Barbell Shrugged

Work Harder, Not Heavier

Doug Larson

Add comment

  • If I’m 160, and want to be 180+, what must I do? I train hard, I eat well, but ithe process seems sluggish. I’m i just being to eager, or irrational. Can you offer any advice?

    • Hey David,
      I was between 160-180 till about 23, training every day and doing basic bodybuilding with the hope of striving for 200 one day. At 24 I picked up CrossFit, and did all that I could to understand and perform the movements, including oly, correctly. With time and a very good squat program, I weighed myself at 25, and am 198 pounds. Very surprised as well. It just shows, I believe, that it takes time and dedication. Not just overeating.


    • Eat more food. Do it slowly to avoid getting fat. Add 100-150 calories every 2-3 days till you’re averaging up to 1000 calories a day more. Then hold at that and see how you do. although I wouldn’t typically recommend this cause I don’t do grains or dairy, eat some rice. Drink lots of milk. My husband is 6ft 165 – he’s really “long and lean” that’s what it takes for him to get to 180 or more. I saw someone mention to back off the conditioning. I wouldn’t. I would just eat more. A few years ago I got really excited about smashing weights and started conditioning less and less over a short period of time and it sucked. I felt like shit and it showed. It became a habit to skip conditioning workouts and they became a real drag. A real trap. Its taken a lot of effort to love cardio again, and I’m still not back to the old level of conditioning.

  • What do you mean by hard and well?

    You should be pushing the strength work, but back off your conditioning a bit. Put the focus on lifting heavy barbells.

    Eating well is great, but you must eat lots of the right things. In would eat mostly paleo, adding in healthy carbs (rice, potato) and some dairy slowly until the scale starts moving. If it comes slow, eat more. Try to add a few healthy shakes with fruit, coconut fat, protein powder, that sort of thing.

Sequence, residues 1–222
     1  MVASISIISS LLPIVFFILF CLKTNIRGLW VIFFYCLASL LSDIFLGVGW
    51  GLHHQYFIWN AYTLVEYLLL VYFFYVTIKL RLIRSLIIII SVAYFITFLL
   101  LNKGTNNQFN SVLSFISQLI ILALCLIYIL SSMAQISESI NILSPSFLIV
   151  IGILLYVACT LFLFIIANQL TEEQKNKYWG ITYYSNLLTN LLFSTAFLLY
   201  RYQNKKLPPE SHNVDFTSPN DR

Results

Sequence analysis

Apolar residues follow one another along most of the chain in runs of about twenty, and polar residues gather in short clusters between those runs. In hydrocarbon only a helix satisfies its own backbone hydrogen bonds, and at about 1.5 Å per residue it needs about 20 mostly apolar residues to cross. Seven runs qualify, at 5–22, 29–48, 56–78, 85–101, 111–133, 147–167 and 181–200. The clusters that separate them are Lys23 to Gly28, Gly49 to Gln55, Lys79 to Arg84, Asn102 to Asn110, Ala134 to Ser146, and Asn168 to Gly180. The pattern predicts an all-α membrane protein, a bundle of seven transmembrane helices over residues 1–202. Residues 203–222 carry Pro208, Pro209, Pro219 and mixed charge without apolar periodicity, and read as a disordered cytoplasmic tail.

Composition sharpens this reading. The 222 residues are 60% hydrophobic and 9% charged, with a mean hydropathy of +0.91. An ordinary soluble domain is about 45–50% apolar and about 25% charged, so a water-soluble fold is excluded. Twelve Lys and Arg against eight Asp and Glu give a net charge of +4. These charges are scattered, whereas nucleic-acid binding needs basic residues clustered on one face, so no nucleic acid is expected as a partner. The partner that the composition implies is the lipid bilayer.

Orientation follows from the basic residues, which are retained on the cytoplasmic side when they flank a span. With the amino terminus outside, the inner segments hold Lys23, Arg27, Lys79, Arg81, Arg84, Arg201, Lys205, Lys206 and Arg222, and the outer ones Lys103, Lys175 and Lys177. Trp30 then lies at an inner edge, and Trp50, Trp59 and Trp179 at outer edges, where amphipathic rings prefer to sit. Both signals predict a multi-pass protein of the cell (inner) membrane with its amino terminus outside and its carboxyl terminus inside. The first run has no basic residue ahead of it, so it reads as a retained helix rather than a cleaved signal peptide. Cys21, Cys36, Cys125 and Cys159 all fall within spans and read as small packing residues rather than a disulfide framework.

Weigh yourself every morning at around the same time. Mark it down. If you track it you’ll be able to improve.

    • Eating well: i eat paleo/zone, but I’ve added quinoa and hydrolized whey to the mix. I eat 21 blocks a day; 5 block breakfast, 5 block lunch, 3 block snack/shake, 5 block dinner, 3 block snack/shake.
      Training hard: Warm up, some type of fundamental lift(squat, clean, deadlift), met-con, skill work(glute ham raises, weighted hip extensions, etc.), cool down, stretch/mobility work.

    • There’s no doubt that putting on some weight can increase your overall strength, but as a coach Id have to ask if you’ve maximized your strength at your current weight?
      I used to put a lot of emphasis on needing to pack on extra weight to avoid plateauing, when in reality I was nowhere near that point in my training.
      I’ve been right around 160 for about 2 years, and have been able to keep progressing simply by adding in new movements and increasing training volumes.

  • I’ve been lifting for about 8 months now. At the start I weighed 170 (6 ft tall) and am now up to 200. I’m currently doing 5×5 stronglifts 3X per week. My problem is lately I’m having a lot of aches and pains, feeling worn down and my muscles feel tight all the time. Is this a normal part of the process? I started this because at 36 years old I was feeling very weak. The gains were great at first, but now I’m feeling stuck. Any advice you can offer would be greatly appreciated!

    • With time you have to spread the loading out. An easy tweak would be to only go hard on 5*5 once per week. The other two days could be for speed, form, maybe just much lighter sets of 5. Go heavier when it counts, and lighter on the other days. That should help you feel better. Sleep more too.

  • So how i can alternate between lifting heavy and lifting faster with more quality … how to program them together

    • That’s basically what a conjugate approach is. For example, you could have two days a week to work on the squat. On monday you could go heavy, and later in the week you could do speed reps during a separate session. Works very well. Remember, all the reps are “hard.”

  • good read Chris. How do you guys think about balance and looking to improve strength when you travel a lot for work? I can get after it about 2 weeks a month and the other two I’m dead from travel. I make an effort to work out when I go places but like this week…international trip for 2 days just destroyed me. I couldn’t do much but nap here and there. Thoughts…tips…comments.